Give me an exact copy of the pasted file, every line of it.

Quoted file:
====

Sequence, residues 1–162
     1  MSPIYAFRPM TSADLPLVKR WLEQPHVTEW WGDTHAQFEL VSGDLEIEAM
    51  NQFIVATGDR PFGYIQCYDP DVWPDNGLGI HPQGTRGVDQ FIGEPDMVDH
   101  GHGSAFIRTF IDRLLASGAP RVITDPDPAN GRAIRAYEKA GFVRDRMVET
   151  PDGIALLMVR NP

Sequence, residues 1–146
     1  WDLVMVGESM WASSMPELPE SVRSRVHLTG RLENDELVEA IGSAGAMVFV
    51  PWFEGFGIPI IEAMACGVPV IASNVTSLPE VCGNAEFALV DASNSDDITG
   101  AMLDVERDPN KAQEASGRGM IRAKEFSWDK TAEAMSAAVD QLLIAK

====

Sequence, residues 1–162
     1  MSPIYAFRPM TSADLPLVKR WLEQPHVTEW WGDTHAQFEL VSGDLEIEAM
    51  NQFIVATGDR PFGYIQCYDP DVWPDNGLGI HPQGTRGVDQ FIGEPDMVDH
   101  GHGSAFIRTF IDRLLASGAP RVITDPDPAN GRAIRAYEKA GFVRDRMVET
   151  PDGIALLMVR NP

Sequence, residues 1–146
     1  WDLVMVGESM WASSMPELPE SVRSRVHLTG RLENDELVEA IGSAGAMVFV
    51  PWFEGFGIPI IEAMACGVPV IASNVTSLPE VCGNAEFALV DASNSDDITG
   101  AMLDVERDPN KAQEASGRGM IRAKEFSWDK TAEAMSAAVD QLLIAK